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Density matrix is NECESSARY when the quantum system is not in a PURE state, i.e. it cannot be described by a wave-function. Such a case is when a beam of freely moving electrons is not spin-polarized, i.e. there is no direction in space along which all the electrons have the same spin-projection. (For finding whether the electrons are polarized, and on ...


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The density matrix formalism follows naturally from a state vector formalism when we average over a part of variables. It is not a "more general", but a more common approach in practical applications. Sometimes it is the only possible formulation due to experimental restrictions.


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To answer your question shortly: No, they are not the same phenomenon. First of all, it is much easier to think of quantum states as vectors (in something called the Hilbert space, but simply put they obey linearity), and not as particles or waves. Superposition Let's start with a single particle qubit (since you're talking about quantum information) ...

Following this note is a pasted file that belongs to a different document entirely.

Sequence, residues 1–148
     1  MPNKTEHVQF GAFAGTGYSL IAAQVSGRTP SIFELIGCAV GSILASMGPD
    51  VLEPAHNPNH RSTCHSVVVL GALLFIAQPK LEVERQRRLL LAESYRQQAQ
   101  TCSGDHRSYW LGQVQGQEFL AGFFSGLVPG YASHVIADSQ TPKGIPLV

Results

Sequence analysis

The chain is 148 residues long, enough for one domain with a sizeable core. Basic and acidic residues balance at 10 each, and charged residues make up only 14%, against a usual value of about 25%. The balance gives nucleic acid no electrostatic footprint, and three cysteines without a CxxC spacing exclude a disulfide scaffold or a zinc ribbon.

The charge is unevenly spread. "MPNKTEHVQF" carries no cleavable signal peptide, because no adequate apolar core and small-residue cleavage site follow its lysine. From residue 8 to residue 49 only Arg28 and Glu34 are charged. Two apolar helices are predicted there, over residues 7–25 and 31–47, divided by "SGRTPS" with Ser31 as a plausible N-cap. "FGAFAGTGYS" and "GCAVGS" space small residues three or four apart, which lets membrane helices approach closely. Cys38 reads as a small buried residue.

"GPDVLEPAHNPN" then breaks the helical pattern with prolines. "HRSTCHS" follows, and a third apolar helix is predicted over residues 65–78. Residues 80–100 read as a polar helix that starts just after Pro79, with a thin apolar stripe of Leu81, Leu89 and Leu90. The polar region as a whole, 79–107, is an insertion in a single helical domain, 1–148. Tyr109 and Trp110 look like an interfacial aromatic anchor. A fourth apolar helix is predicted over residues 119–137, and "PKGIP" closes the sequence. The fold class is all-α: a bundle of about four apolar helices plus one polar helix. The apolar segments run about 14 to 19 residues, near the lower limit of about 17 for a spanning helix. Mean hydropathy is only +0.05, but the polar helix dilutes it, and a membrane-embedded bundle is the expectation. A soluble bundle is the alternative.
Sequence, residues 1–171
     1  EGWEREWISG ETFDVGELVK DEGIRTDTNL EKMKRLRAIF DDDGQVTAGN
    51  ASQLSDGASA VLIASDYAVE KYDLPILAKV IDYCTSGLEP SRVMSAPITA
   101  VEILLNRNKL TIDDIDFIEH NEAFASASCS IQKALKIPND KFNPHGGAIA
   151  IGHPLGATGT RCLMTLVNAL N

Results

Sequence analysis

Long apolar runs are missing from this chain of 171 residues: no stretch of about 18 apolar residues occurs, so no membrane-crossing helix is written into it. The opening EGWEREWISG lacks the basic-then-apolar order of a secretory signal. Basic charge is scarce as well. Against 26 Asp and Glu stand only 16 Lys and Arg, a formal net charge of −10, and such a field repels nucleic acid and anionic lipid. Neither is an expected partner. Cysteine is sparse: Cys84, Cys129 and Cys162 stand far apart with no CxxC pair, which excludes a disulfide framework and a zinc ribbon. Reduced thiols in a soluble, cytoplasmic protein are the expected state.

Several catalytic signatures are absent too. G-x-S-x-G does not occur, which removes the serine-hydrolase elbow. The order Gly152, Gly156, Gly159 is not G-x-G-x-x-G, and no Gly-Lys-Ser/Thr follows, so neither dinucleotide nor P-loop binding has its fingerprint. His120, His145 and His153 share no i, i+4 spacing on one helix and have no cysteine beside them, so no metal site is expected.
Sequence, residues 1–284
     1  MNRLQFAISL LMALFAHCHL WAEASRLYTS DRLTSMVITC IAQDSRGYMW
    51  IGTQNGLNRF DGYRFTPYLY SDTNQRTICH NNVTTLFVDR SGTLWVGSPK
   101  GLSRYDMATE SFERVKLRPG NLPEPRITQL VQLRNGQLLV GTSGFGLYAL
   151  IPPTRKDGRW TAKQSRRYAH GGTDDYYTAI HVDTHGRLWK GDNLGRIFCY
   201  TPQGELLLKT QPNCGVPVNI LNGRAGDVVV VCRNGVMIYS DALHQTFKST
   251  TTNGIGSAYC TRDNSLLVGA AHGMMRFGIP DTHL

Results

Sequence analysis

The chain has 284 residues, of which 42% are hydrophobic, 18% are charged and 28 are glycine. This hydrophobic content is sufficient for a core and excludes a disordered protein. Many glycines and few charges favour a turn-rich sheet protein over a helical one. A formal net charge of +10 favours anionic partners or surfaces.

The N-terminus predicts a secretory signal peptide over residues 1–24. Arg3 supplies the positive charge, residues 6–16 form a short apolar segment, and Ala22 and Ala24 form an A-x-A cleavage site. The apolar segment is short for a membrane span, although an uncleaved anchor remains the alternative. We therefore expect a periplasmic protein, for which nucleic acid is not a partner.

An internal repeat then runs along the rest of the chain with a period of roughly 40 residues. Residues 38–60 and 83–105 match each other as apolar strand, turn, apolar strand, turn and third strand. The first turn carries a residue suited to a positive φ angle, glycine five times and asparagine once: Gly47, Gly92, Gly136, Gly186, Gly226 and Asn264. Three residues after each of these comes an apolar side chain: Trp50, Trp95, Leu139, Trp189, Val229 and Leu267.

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First of all the words "exchange of information" are not so good. An entanglement is a CONSTRAINT on two particles or more. For instance the famous PHOTON SINGLET is described by the state (1) |Ψ> = [!/sqrt(2)] {|u>|u> + |v>|v>} where u is whatever direction in space that we want to choose, and v is perpendicular to x in the polarization plane (which is ...


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Let me try to (partially) answer the following question then: Can I buy or build a quantum system, where I can perform certain quantum computations (maybe not universal) at home? Tl;dr: The biggest caveat is the amount of control necessary to perform any controlled computation at all. You simply don't have it, except by studying a system with knew ...


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I join the comments of Julian Fernandez. Just some hints for some of your ideas: Spacetime is relative i.e. observer-depending. It seems that behind relative spacetime there is a system of absolute time (= proper time) and absolute space (=space without considering time dilation and length contraction which are relative) where spacetime is "mixing up" ...